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Ten Things to Monitor As Agencies Invite Input On Open Government Plans

This post was originally published on the Intellitics blog: Ten Things to Monitor As Agencies Invite Input On Open Government Plans
Now that a whole lot of agency.gov/open websites are live and many agencies have indeed set up a ”mechanism for the public to […] [p]rovide input on the agency’s Open Government Plan” it’s time to figure out what to watch out for over the coming weeks and months in order to evaluate the success of these initiatives.
As I noted back in January, my hope is that these new projects will address and improve upon three key issues that we saw during last year’s Open Government Dialogue (namely, lack of convener involvement, insufficient moderation, herding).
All in all, I’ll keep an eye on the following (in no particular order):
  1. Expectation management: Is the agency clear about the scope of their participation initiative and their promise to the public? Do participants know what impact they can reasonably expect and when?
  2. Community ground rules: Every agency should have these “rules of engagement” in place and be ready to enforce them if needed. Bonus points for friendly, easy-to-understand language!
  3. Level of convener involvement/participation: Does the agency become actively engaged in the discussions?
  4. Quality of moderation: Will the agency manage to keep discussions on topic and moderate distractions in a fair but timely manner?
  5. Quantity of participation over time: How many participants will sign up? How much content will they produce? (luckily, IdeaScale exposes a few basic metrics in real time, such as number of ideas, comments, votes and registered users)
  6. Outreach and diversity of participants: Does the agency manage to attract a broad range of participants from various backgrounds? Or do usual suspects dominate the discussions?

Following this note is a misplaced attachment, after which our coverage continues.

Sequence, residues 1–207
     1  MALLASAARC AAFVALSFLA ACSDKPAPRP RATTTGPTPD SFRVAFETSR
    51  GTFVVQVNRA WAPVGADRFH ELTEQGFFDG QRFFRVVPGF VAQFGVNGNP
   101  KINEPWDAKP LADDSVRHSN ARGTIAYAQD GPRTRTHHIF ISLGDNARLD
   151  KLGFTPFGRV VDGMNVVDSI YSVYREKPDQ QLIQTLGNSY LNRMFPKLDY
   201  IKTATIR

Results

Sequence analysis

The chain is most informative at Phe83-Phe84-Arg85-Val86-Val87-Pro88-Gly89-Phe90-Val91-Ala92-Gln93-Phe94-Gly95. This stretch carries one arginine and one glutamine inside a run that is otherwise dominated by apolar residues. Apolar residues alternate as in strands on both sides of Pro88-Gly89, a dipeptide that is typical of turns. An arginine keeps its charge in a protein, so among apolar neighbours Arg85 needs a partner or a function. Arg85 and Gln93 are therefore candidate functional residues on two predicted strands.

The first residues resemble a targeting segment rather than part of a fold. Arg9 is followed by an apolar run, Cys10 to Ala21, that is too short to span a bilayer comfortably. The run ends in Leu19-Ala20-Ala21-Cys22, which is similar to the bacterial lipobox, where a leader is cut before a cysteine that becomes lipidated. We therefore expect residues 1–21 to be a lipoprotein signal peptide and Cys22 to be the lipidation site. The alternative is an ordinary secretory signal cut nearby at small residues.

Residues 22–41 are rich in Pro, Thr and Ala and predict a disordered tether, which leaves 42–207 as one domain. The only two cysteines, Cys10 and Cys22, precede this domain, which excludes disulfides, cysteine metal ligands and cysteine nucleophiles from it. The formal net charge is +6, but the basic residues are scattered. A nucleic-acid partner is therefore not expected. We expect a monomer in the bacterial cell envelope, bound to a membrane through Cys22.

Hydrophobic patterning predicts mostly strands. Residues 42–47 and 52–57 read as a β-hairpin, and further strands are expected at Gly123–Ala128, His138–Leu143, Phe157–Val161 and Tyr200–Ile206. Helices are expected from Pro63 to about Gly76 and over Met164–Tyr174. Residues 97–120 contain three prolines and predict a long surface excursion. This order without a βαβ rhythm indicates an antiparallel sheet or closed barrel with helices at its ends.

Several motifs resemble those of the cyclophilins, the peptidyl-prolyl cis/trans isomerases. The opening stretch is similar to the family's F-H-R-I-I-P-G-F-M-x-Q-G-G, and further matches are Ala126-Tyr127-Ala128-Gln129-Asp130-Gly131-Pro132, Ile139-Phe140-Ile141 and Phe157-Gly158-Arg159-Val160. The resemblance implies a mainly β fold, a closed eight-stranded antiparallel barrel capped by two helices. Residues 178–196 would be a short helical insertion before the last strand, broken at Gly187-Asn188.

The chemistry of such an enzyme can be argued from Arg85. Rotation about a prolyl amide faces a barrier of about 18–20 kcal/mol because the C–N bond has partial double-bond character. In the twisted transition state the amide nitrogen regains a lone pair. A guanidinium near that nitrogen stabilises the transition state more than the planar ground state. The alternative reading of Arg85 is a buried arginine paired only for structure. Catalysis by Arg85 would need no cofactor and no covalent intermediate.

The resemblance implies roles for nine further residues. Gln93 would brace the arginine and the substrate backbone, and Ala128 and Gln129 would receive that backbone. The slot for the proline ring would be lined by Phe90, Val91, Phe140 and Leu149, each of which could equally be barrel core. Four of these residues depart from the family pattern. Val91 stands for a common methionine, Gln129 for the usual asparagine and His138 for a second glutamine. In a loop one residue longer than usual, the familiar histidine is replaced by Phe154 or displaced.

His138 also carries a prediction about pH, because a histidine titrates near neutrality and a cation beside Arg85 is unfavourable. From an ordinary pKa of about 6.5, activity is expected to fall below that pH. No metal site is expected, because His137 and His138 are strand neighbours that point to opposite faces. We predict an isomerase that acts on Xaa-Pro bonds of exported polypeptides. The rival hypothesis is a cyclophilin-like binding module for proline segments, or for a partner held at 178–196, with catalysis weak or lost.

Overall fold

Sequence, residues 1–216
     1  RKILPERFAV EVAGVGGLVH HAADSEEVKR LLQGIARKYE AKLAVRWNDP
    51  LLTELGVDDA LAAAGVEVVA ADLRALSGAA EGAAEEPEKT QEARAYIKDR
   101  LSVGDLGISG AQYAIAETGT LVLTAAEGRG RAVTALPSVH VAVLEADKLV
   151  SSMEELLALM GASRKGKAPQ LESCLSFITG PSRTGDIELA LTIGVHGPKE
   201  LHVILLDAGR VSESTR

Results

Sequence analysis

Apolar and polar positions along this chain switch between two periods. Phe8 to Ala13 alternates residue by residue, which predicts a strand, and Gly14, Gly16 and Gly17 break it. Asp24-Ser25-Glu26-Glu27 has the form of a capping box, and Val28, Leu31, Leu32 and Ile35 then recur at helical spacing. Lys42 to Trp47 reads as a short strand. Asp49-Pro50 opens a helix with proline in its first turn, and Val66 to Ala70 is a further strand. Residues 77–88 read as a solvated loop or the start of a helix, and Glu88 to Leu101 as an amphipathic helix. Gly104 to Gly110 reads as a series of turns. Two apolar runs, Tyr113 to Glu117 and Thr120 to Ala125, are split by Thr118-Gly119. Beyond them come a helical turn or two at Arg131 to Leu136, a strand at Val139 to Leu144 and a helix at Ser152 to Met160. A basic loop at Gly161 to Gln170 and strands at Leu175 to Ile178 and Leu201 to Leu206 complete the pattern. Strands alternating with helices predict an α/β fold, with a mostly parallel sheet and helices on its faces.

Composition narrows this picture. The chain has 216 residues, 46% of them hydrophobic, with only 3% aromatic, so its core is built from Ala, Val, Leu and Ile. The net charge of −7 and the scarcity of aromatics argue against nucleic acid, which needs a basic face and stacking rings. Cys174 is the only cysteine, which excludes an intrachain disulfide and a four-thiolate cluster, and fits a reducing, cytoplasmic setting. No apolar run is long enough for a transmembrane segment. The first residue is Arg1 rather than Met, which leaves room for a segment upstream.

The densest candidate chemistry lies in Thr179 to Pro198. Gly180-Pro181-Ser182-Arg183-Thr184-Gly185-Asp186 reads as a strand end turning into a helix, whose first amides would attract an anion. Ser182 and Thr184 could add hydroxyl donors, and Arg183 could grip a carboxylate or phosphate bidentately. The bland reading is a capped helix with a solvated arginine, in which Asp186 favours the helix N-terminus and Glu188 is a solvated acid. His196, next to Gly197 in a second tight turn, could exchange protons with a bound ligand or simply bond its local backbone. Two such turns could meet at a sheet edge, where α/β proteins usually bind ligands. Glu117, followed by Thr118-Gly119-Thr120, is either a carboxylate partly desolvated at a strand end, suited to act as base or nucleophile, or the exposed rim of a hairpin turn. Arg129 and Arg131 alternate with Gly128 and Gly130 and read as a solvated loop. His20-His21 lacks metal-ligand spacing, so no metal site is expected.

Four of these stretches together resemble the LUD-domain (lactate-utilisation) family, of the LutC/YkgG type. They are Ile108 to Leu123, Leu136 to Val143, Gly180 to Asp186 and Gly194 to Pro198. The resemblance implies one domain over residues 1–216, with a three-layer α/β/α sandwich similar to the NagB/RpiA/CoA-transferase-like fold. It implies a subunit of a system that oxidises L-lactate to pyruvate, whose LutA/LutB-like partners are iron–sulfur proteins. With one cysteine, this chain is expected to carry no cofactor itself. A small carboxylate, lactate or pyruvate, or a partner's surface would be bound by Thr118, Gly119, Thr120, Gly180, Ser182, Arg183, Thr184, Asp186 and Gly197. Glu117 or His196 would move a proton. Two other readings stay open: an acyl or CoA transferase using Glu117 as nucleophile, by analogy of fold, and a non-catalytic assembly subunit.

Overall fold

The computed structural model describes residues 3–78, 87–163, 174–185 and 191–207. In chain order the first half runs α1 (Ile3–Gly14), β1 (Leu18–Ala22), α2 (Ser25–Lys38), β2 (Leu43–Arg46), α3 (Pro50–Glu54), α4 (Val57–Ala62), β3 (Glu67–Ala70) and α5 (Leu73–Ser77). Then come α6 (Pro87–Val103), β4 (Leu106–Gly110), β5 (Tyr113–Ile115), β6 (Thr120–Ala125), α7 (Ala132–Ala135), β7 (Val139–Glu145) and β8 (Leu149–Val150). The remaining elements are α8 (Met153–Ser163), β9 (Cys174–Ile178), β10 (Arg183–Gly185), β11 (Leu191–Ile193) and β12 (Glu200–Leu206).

7. Conclusion and impact: This one will be especially interesting as there doesn’t seem to be an end date defined for any of these initiatives. In case of ongoing participation programs, does the agency at least share interim results?
  8. Tech support: Does the agency address technical support questions and resolve any issues in a timely manner?
  9. Project communications: Does the agency offer ways for participants to stay in the loop (or get up to speed quickly) with regard to current state of the discussion, frequently asked questions, highlights, interim results, next steps etc.?
  10. Mood: Overall, how happy is everyone with the process? What’s the energy level? Are things productive? Etc.
What else should be on the radar? Sound off in the comments.

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Profile Photo Steve Ressler

I think a big one is “driving audience.” There is a little of a build it and they will come…which I don’t think is necessarily true.

Agencies should make sure to promote /open dialogues heavily via already built-in audiences (email lists, partner lists) and throughout other channels (prominent web placement, reach out to traditional media, leadership discussion at in-person meetings).

Profile Photo David Kuehn